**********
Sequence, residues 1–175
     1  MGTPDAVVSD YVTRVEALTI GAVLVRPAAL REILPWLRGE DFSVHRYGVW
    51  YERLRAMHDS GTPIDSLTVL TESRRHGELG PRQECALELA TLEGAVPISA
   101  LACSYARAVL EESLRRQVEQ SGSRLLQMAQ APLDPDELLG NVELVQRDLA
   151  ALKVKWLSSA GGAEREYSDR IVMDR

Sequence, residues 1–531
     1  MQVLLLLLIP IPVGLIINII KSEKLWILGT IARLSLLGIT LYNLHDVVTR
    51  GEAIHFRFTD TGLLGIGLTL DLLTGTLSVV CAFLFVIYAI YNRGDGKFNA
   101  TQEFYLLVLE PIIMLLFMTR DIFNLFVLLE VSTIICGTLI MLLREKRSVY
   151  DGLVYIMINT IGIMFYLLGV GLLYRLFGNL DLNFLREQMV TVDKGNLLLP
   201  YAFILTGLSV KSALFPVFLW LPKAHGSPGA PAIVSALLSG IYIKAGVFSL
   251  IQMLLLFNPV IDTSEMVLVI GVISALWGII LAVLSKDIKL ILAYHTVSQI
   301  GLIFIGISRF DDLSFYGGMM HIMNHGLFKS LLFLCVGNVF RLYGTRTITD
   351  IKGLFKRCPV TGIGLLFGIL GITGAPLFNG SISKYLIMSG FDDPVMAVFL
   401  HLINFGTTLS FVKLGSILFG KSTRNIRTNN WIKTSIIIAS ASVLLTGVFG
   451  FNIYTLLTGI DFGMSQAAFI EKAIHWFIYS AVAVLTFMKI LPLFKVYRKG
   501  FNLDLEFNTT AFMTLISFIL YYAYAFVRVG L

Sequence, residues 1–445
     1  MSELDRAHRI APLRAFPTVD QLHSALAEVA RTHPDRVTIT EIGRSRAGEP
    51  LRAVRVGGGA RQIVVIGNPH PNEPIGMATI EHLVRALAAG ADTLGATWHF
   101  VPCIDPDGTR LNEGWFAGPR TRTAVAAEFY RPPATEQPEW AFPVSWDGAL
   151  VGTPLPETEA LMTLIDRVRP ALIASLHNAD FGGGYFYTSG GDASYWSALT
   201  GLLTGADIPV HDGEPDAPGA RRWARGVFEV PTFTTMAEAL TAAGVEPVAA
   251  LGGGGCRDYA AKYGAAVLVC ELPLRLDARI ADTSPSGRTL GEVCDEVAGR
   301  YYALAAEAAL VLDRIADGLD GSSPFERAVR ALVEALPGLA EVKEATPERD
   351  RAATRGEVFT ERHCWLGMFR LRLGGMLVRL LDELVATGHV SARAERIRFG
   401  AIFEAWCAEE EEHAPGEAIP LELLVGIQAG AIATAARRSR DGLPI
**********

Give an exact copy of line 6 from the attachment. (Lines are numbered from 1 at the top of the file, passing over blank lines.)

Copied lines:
Sequence, residues 1–531